He’ll be battling with Koa Misi and Jonathan Freeny, who have multiple years of experience, but it wouldn’t surprise me at all if Johnson impresses so much in training camp that buzz builds about him challenging for a starting job at some point in the season.
As of now, A.C. Leonard enters the Vikings offense as the fifth tight end thanks to previous draft picks and signings before he was brought onto the roster. However, with his unique, Aaron Hernandez-like talent, he could leave training camp as the best option behind starter Kyle Rudolph.
He had character issues that caused him to fall out of the draft, as he was asked to leave the Florida Gators program after having a misdemeanor battery charge in 2012. But his SEC-level talent didn’t fade, and he showcased tremendous versatility, body control as a pass-catcher and a surprising level of route development at Tennessee State.
The Patriots have lost some of their tight end luster in recent years, relying on often-injured Rob Gronkowski and Michael Hoomanawanui as Tom Brady’s leading targets at the position. They chose not to draft one in 2014, instead signing Justin Jones of East Carolina and Asa Watson of North Carolina State as their only additions to the position.
Jones is likely unknown by college football fans, as he wasn’t eligible to play in 2013 due to academic issues. But the 6’8”, 277-pound tight end is an awesome athlete with the length and physicality to be a plus-blocker and the fluidity and pass-catching ability to be a talented receiving option for the Patriots.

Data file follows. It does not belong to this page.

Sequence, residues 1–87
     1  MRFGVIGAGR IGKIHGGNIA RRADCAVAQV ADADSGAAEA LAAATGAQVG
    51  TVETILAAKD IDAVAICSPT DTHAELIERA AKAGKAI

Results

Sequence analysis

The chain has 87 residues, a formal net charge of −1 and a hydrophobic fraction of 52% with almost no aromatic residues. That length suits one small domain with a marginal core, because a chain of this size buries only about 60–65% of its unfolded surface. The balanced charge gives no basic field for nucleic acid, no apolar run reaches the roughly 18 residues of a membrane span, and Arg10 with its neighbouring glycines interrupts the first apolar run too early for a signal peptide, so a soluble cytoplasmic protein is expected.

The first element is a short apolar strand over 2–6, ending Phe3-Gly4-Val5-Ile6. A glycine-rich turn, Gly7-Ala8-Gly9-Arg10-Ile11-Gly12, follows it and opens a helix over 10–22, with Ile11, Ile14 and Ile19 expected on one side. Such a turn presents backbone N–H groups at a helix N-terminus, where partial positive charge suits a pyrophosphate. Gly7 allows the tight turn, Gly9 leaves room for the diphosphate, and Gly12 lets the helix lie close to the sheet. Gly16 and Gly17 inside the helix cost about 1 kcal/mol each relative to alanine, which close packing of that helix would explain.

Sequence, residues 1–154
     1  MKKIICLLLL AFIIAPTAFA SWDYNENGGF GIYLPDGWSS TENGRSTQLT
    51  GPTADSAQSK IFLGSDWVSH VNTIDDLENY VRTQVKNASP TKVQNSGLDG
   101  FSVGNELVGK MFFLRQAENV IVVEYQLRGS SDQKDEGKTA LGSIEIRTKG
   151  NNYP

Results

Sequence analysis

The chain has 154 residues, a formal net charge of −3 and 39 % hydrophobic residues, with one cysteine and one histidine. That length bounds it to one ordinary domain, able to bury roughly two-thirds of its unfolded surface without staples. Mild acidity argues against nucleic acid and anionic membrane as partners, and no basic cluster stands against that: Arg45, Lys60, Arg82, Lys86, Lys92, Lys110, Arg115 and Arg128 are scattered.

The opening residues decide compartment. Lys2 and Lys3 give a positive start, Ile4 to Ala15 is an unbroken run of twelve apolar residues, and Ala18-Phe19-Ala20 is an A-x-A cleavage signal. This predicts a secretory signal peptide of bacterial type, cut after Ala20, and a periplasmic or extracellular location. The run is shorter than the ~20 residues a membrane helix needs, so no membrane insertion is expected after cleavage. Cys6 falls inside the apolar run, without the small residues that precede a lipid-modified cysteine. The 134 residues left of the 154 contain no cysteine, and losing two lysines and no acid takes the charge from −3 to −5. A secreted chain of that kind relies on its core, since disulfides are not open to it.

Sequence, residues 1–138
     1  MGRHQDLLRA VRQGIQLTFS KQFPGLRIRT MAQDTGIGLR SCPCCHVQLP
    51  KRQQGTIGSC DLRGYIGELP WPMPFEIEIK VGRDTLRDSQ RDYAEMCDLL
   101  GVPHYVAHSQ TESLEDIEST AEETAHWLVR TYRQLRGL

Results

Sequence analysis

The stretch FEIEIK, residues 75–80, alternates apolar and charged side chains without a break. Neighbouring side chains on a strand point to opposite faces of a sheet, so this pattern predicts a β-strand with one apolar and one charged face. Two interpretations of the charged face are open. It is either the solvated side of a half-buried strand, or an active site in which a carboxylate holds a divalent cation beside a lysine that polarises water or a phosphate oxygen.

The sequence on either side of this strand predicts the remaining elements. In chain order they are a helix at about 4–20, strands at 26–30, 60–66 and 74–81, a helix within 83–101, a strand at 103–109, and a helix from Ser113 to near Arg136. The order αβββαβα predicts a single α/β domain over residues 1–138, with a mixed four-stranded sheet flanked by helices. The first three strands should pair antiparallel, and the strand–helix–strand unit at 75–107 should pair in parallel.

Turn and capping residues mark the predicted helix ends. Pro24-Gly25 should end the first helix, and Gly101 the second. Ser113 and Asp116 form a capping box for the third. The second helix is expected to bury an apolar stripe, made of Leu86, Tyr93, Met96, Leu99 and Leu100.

Lacking talented edge-rushing talent coming into the 2014 NFL draft, the Saints opted to draft just one outside linebacker, Ronald Powell in the fifth round. However, they also signed East-West Shrine Game standout Chidera Uzo-Diribe of Colorado, who has a legitimate chance of making the team and contributing situationally as a rookie.
He has an uphill battle to make the roster with six outside linebackers currently slotted above him on the depth chart, but he has arguably the best speed of any of them and could add value as a pure speed-rusher once he develops further in training camp. After impressing against NFL-level offensive tackles at the Shrine Game, he has the talent to be in the NFL.